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Thread: Finding Air Leaks in Your Compressor

  1. #1
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    Finding Air Leaks in Your Compressor

    I recently reworked the >> Air Station << for my compressor, and when I was all said and done, I figured out that I had leak somewhere, it was nothing big, took all night for the compressor to leak down. I first shut everything off in the shop that made noise, and listened, nothing, I also just felt around, as sometimes you can feel the air leak, nope, no go, so the next step is tiny bubbles

    I'm sure that most of you know this little trick, but as they say, a picture says a thousand words, so...........

    Click image for larger version. 

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    Gee..... think there is a leak there....

    Click image for larger version. 

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    A good crank on the valve, and then another spray, and no more leak!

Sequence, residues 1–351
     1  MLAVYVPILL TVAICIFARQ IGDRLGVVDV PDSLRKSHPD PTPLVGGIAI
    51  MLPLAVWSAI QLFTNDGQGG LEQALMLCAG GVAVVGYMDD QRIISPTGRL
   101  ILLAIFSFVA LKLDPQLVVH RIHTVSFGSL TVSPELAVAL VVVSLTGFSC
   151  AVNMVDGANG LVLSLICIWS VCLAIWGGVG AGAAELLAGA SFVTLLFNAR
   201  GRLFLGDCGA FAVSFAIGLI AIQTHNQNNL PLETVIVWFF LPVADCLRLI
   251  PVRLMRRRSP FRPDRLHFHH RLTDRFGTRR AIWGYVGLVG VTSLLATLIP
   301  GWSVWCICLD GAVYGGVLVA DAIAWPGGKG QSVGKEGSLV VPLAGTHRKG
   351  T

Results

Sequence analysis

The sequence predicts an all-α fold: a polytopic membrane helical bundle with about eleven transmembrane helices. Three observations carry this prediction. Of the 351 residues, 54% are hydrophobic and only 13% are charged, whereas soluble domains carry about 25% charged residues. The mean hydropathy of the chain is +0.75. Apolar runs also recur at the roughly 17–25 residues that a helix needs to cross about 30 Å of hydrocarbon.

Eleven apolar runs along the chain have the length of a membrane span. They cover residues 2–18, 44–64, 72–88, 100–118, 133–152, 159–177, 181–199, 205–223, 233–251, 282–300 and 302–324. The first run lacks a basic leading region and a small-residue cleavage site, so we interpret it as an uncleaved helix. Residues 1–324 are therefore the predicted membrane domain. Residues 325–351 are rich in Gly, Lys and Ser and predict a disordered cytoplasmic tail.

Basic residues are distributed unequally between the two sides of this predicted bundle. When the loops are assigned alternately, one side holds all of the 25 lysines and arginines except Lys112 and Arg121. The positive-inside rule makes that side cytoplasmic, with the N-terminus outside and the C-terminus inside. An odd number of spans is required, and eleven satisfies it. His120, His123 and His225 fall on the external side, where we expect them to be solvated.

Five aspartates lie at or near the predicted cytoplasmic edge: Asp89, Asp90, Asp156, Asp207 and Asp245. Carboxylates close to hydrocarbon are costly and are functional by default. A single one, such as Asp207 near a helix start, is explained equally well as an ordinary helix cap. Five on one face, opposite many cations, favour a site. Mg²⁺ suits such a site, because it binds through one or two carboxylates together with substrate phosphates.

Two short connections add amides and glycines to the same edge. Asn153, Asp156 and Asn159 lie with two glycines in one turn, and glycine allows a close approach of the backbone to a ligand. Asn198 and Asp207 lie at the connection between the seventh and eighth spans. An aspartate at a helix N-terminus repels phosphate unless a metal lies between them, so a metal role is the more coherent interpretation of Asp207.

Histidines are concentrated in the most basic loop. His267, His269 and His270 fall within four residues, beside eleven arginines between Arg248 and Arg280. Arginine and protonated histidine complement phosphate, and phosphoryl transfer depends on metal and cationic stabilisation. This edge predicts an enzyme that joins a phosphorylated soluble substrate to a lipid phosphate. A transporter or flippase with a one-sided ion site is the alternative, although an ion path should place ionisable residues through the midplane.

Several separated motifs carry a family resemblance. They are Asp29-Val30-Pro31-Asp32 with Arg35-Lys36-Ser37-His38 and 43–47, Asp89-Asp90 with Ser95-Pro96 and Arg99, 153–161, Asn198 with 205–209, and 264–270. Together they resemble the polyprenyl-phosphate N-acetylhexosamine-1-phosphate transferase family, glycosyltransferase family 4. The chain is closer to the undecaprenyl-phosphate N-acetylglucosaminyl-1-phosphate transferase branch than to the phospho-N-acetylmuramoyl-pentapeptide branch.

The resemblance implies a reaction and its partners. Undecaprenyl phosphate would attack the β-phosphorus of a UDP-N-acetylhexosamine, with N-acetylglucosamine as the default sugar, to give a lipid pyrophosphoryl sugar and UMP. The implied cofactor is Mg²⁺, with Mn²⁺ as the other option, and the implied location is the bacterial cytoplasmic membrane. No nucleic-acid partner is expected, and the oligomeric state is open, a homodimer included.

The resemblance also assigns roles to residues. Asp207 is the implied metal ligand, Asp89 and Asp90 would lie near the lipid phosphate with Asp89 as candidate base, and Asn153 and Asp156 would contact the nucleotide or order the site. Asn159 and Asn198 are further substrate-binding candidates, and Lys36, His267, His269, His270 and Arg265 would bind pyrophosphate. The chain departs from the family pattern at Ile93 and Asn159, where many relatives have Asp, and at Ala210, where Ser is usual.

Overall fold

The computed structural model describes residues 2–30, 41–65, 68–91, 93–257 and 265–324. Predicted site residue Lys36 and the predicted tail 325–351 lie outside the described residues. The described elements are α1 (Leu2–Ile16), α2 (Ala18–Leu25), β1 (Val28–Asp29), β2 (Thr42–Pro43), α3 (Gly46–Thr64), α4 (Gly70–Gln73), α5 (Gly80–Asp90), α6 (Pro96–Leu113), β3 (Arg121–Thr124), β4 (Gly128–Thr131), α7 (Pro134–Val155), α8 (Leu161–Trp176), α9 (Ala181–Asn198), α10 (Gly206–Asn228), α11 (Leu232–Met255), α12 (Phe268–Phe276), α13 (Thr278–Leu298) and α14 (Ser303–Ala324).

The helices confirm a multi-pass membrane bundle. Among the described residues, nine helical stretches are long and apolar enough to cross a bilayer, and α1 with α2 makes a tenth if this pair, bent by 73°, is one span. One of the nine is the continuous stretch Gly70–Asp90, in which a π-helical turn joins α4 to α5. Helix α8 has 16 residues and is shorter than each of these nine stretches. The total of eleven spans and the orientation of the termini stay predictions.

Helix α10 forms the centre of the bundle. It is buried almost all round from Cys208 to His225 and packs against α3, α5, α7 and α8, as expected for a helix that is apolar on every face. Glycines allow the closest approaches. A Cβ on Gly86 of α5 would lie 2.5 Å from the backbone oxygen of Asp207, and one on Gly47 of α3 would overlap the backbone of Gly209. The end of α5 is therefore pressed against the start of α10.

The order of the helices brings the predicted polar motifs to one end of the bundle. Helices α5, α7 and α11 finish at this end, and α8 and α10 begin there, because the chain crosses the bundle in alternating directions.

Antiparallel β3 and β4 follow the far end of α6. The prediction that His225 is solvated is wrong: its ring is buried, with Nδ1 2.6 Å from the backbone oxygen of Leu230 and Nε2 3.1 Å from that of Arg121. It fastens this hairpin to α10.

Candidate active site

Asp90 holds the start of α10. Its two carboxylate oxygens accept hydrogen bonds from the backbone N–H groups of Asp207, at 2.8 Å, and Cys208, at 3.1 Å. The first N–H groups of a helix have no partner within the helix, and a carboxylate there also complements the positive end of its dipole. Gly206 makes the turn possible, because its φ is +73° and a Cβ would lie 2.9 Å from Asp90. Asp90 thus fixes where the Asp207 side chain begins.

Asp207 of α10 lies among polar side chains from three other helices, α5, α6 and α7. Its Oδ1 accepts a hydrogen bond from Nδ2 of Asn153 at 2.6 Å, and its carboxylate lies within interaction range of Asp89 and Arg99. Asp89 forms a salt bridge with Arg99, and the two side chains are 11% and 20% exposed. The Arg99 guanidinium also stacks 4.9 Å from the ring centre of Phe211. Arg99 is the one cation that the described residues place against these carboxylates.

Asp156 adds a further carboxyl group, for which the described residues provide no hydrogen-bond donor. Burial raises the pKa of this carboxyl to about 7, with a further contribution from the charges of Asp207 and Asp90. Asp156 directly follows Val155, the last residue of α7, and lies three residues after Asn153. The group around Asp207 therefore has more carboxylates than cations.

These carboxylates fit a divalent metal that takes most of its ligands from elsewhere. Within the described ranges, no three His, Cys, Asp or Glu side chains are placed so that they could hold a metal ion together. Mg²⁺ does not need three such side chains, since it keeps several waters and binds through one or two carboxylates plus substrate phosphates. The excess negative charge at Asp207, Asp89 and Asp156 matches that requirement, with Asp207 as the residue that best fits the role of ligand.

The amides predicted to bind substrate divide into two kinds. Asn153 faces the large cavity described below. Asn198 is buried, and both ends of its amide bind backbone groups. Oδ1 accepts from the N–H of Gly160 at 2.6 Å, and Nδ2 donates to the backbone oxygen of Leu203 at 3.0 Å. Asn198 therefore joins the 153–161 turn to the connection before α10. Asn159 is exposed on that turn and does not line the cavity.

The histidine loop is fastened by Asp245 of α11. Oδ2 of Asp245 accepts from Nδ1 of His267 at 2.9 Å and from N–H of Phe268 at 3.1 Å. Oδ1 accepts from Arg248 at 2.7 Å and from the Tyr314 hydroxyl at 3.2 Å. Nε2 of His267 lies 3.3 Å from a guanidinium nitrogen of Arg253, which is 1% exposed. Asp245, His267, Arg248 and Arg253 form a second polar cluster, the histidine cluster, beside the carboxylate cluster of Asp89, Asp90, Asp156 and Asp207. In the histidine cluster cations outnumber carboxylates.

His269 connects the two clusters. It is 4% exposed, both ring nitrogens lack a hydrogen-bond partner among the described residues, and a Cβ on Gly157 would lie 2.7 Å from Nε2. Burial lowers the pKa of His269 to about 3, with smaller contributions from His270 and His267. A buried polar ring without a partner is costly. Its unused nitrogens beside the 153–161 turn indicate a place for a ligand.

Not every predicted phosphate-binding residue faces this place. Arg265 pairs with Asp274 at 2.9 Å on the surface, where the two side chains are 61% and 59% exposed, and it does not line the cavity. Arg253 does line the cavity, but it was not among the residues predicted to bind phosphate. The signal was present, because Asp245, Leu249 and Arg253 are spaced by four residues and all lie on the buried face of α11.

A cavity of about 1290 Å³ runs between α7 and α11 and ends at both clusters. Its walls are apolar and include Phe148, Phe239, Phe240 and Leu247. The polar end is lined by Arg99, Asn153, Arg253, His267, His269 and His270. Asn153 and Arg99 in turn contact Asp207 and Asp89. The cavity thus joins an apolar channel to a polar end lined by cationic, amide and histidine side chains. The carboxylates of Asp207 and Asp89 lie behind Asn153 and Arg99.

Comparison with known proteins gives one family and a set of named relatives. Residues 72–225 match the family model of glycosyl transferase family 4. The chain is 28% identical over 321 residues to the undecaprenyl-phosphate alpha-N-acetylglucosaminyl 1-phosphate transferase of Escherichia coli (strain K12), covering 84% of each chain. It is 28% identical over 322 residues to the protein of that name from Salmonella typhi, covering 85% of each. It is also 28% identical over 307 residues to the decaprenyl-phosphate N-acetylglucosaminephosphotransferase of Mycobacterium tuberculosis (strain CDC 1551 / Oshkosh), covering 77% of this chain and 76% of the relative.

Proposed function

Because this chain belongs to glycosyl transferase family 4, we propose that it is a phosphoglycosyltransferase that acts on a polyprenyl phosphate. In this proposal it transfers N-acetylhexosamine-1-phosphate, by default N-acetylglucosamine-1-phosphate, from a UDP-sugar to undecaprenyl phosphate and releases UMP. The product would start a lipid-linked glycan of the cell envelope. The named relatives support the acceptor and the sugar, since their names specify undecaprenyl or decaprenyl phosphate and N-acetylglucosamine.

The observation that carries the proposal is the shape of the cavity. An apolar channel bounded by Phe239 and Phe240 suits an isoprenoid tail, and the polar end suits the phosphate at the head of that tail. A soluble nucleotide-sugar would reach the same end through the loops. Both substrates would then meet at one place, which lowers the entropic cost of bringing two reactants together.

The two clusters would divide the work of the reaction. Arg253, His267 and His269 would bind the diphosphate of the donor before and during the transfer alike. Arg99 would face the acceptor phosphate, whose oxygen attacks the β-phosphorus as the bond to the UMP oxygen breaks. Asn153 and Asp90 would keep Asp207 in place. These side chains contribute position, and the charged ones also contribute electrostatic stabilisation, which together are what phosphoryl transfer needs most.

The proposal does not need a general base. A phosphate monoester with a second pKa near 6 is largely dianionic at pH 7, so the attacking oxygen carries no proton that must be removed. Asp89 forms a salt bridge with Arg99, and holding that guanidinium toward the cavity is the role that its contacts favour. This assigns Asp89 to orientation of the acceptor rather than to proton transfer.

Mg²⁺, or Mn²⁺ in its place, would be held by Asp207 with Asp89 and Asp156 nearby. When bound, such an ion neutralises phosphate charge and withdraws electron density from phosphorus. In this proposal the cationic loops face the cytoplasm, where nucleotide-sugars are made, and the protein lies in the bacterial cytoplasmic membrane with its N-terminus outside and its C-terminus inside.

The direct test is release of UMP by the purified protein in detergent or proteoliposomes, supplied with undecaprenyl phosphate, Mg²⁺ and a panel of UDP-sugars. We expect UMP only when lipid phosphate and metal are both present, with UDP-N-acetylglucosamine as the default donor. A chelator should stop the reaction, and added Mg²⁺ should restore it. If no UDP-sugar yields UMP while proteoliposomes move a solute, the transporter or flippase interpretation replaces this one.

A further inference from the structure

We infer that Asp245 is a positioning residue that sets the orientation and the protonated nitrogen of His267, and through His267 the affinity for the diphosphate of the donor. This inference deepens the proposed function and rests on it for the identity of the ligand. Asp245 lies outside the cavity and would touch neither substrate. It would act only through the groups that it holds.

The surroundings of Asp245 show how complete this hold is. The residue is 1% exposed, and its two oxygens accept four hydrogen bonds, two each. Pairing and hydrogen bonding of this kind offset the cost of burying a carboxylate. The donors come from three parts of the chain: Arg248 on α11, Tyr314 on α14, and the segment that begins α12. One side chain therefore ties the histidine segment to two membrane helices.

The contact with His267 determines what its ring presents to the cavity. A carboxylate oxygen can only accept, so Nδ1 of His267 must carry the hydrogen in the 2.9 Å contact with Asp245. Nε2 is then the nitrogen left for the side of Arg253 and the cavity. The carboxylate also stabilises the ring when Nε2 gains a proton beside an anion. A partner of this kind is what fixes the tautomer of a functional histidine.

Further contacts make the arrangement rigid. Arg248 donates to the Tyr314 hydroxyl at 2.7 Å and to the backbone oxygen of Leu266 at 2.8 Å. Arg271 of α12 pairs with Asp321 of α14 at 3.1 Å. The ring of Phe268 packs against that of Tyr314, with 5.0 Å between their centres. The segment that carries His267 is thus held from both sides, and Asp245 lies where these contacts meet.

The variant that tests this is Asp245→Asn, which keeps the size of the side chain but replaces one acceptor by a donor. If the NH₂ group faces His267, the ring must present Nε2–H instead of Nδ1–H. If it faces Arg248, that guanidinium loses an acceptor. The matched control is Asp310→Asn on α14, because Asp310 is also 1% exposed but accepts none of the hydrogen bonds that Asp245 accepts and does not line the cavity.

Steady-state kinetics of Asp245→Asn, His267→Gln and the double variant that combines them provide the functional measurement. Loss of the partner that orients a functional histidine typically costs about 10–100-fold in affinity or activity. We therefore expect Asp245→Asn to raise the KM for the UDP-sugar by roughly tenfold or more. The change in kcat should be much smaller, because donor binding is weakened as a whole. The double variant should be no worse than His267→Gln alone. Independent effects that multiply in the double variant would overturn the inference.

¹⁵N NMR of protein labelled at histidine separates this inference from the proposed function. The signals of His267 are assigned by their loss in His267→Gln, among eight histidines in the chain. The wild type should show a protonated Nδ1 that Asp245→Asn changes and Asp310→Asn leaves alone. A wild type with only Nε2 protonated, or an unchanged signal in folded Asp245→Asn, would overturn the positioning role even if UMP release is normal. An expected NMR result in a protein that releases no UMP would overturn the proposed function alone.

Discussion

I put 1/3 dish washing liquid, and 2/3 water in a small spray bottle, and just spray on to each joint.

    Make sure you don't spray on the electrical parts of the compressor, and to be safe, I always unplug the compressor as well.

    Works like a charm!
    The pessimist complains about the wind; the optimist expects it to change; the realist adjusts the sails.
    William Arthur Ward

  2. #2
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    ok stu now you got that one stopped,, what would you suggest for black pipe? i used the teflon stuff and the gray goop as well and on 1